Temperance Flats dam supporters seek help

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After four years of drought many see a long term solution as a construction of another, much bigger, dam further upstream. (KFSN)

Millerton lake is only about 30-percent full. A wet winter is expected to help increase the level, and hopefully boost the water supply for Valley farmers. But after four years of drought many see a long term solution as a construction of another, much bigger, dam further upstream on the San Joaquin River, at an area known as Temperance Flat.

Supporters of the project, like Orange Cove Mayor Victor Lopez, feel it has to be done. "This is a dream that we have to make come true."

Lopez and Mayors from several Valley cities joined the Latino Water Coalition at Friant Dam to urge Democratic Congresswoman Loretta Sanchez, of Orange County, to join their cause. Sanchez is a candidate for U.S. Senate, and her support could be crucial. When asked if she supports the dam she said, "I am going to have to sit down and discuss it with my colleagues and figure out what the solution for the dam is. I am for more supply and if it's one of the most viable, and we can get the community and the federal support for it, we would build it."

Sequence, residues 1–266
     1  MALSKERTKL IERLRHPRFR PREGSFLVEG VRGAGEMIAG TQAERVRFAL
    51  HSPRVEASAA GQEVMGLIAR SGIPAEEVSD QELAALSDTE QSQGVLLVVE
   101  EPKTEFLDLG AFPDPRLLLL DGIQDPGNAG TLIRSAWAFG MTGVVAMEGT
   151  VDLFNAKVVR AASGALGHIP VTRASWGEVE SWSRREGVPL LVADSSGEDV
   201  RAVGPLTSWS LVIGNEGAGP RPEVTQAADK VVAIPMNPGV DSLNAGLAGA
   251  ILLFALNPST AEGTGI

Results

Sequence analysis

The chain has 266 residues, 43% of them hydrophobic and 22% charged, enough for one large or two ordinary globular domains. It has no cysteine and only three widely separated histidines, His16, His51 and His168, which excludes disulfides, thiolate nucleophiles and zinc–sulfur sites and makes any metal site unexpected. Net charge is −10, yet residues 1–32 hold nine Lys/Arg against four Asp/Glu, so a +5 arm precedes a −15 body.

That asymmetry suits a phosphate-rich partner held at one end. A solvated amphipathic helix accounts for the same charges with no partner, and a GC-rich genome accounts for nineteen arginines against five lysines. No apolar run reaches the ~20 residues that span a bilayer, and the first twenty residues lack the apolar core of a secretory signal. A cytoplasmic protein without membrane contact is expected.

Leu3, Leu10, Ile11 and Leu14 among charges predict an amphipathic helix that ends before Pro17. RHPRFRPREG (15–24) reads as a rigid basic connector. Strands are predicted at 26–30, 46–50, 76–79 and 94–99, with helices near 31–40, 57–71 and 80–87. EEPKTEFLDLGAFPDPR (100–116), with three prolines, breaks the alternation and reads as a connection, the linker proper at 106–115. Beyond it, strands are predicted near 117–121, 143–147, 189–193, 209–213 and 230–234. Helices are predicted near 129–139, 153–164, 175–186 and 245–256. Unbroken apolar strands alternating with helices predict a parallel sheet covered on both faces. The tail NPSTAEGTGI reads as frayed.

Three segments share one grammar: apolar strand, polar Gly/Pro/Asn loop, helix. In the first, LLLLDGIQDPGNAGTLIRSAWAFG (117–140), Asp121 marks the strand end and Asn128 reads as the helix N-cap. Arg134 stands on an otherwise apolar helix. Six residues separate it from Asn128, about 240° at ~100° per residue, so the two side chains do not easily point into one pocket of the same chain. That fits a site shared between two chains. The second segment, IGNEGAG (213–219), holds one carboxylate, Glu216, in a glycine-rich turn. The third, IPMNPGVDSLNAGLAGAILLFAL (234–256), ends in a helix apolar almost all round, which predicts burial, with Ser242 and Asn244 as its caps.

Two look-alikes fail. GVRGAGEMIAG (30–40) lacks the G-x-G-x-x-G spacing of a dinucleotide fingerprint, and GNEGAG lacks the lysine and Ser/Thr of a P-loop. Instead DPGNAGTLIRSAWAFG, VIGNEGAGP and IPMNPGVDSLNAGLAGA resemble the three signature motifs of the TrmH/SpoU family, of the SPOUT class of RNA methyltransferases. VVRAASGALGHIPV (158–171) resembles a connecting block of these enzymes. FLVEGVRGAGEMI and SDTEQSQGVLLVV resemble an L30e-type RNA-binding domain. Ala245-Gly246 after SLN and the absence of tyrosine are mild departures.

Getting federal and statewide support can be tough. While money from the state water bond has been designated for storage, that doesn't mean it will go for a dam. Environmental groups and others question whether the expected $3-billion cost is worth the environmental impact and damage it would cause. But farmers, like Kole Upton of Chowchilla, sees the dam as a potential lifesaver if the water it saves is used in the Valley. "If Temperance Flat was built that would give us the ability to have a lot more water available, assuming the water made available goes to us and not to metropolitan or the environmentalists."

The State Water Commission will begin allocating money from the state water bond at the end of next year. If they agree to fund Temperance Flat, construction could start in a few years, however, even supporters acknowledge lawsuits over environmental damage, loss of wildlife habitat, destruction of Native American resources could add years or even decades to the project.
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